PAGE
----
Wednesday, January 19, 2011


Twain: Non sucky lecture.
Rick Hess's blog was taken over by a guest (Meira Levinson, an assistant professor at the Harvard Graduate School of Education) who opined:
As a professor, I am a techno-enthusiast: I'm constantly asking my students to do in-class activities using GoogleDocs or wikis, and I've moved all my lectures on-line on the grounds that it's criminal in 2011 to force a bunch of people to show up in the same room just to hear one person monodirectionally deliver information.
Criminal? Interesting choice of words. Why should it be such an imposition for the students to show up to one place at a scheduled time? The reason they are (usually) required to be there is that lectures are rarely one-directional, unless the lecturer sucks. If I lecture, I am always looking for some kind of feedback if for no other reason than to ascertain whether any of them are awake.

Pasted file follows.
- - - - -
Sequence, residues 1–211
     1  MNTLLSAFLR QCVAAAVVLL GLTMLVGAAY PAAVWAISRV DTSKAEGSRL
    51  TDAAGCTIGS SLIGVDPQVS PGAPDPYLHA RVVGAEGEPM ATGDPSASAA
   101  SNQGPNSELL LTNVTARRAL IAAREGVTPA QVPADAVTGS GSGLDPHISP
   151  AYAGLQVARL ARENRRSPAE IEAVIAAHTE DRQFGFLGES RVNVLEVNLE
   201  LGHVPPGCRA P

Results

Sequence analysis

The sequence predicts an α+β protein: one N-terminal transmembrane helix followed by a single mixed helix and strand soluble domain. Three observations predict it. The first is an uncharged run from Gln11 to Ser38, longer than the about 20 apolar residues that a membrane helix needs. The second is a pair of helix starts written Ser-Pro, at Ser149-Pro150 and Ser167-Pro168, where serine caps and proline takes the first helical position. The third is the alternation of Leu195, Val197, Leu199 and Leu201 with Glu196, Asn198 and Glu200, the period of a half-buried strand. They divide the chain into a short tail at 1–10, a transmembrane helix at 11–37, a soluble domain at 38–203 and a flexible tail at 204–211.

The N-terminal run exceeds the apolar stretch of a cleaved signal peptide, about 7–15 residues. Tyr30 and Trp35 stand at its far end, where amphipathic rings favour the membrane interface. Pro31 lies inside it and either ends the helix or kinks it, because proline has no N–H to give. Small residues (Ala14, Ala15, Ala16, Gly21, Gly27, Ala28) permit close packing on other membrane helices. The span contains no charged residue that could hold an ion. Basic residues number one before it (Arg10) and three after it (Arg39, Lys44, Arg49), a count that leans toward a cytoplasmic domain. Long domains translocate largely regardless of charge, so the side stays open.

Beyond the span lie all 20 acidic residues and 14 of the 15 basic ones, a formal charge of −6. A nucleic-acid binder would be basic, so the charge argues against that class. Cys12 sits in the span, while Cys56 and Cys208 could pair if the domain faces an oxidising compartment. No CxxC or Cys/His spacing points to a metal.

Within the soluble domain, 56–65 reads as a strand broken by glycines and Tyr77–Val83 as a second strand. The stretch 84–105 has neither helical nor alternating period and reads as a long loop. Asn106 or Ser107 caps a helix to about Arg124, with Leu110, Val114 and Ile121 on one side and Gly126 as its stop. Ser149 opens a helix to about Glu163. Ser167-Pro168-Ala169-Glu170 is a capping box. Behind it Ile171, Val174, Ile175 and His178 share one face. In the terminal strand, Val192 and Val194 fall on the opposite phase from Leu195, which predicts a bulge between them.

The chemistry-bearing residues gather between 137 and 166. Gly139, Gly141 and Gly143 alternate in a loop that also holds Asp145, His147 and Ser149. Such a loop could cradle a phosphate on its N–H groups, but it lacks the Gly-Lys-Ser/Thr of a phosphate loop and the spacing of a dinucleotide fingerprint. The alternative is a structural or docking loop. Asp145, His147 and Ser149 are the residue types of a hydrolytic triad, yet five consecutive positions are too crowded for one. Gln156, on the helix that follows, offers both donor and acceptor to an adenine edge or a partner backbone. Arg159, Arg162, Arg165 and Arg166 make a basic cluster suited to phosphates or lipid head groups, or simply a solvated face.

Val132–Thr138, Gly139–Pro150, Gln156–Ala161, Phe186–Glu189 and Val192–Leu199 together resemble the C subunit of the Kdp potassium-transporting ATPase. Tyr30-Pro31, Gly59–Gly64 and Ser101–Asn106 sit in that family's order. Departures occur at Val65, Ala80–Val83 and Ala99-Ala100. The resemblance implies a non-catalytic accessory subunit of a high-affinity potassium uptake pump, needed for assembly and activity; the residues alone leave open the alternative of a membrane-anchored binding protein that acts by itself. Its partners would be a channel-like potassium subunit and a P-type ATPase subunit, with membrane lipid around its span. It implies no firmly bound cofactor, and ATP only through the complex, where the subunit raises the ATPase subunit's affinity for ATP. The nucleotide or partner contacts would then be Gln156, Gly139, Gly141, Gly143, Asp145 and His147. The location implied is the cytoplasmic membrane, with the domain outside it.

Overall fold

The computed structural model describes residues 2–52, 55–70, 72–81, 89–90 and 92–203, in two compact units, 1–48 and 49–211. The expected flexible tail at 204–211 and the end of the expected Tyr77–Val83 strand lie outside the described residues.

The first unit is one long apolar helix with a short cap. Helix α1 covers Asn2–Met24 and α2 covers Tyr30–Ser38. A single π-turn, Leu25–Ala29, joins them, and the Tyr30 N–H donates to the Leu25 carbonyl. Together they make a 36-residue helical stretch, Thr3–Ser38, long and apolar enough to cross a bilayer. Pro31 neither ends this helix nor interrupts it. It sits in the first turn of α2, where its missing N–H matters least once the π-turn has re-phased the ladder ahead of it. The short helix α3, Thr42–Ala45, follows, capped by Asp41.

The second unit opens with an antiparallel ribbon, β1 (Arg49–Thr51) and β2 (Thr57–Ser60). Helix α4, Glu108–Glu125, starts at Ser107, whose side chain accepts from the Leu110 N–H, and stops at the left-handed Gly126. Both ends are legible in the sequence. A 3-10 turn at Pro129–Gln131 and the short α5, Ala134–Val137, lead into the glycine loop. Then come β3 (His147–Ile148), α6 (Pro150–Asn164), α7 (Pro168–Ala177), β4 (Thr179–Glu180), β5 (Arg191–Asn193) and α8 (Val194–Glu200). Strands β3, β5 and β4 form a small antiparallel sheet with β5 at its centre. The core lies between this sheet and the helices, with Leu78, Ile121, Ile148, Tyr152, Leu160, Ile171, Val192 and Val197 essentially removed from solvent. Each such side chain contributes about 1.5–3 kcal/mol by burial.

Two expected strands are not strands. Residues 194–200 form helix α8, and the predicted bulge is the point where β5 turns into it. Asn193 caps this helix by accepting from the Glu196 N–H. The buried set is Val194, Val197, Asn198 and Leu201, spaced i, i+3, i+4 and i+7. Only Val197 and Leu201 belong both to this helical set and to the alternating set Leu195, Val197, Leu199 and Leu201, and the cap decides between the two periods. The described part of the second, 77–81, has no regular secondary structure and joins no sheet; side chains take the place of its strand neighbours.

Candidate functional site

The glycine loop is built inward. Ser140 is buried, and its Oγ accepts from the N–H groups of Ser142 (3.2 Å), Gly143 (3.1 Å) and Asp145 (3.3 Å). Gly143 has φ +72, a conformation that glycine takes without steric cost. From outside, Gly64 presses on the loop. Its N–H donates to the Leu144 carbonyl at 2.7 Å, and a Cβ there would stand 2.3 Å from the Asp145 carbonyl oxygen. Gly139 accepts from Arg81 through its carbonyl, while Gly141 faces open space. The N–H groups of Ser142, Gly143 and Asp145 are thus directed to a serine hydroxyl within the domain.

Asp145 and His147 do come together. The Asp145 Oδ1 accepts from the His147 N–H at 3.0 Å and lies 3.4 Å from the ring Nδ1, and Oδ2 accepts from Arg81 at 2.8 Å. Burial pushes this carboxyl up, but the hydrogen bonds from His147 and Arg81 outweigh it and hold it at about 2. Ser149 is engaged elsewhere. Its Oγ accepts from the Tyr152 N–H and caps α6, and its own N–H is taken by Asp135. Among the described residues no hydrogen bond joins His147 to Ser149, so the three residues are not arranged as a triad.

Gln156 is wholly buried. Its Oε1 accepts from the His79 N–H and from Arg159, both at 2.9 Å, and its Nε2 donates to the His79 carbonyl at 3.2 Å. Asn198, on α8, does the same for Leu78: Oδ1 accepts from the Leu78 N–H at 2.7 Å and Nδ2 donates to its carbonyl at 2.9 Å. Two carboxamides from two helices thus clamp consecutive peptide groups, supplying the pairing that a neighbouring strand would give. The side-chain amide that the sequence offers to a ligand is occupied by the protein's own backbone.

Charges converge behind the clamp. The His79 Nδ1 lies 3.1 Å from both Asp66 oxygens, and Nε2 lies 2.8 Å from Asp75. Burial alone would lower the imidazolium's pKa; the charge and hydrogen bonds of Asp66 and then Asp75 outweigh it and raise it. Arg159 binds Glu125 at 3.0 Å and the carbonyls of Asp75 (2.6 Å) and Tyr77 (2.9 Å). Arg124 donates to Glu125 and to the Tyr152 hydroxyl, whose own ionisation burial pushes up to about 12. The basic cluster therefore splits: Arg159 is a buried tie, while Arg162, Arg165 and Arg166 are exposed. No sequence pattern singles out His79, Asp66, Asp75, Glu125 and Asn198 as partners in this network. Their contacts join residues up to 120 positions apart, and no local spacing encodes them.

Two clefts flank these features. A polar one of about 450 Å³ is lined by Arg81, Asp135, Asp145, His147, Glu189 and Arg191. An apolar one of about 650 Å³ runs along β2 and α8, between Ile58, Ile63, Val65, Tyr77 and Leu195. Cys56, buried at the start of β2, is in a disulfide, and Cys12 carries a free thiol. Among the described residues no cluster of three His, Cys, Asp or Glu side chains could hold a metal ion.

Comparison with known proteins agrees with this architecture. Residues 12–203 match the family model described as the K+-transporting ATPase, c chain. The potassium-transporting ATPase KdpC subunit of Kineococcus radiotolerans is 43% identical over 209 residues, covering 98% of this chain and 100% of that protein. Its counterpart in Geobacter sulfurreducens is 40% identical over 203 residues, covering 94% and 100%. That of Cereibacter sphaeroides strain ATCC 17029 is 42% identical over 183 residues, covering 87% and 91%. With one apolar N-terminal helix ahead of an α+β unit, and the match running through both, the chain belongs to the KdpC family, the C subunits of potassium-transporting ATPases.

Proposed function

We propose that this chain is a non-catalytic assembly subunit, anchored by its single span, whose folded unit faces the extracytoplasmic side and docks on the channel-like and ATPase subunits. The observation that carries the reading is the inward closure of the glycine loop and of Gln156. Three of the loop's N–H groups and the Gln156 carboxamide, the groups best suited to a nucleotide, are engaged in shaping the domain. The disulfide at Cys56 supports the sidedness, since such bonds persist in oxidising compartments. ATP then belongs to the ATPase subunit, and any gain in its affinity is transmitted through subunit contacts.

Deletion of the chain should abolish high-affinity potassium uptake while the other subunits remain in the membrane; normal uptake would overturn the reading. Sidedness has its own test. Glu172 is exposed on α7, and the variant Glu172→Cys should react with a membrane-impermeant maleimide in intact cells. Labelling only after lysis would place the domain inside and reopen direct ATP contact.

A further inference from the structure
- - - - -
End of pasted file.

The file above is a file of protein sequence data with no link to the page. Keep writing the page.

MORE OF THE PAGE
I guess if you're that boring or if you're just reading from, and never veer away from, a script then an attendance requirement should be waived, but that doesn't seem like much of a college to me. It's curious that the college manages to convince people that this online, easy-access, don't care if you do or not, video repeated for the third straight year is worth the tuition:
Full-time StudentsPer Academic Year$35,568.00
Part-time Students Per Course/Per Term $ 4,446.00

If it doesn't matter whether or not the students are there, you might as well be running a video. Go ahead and put it online.

No comments:

Post a Comment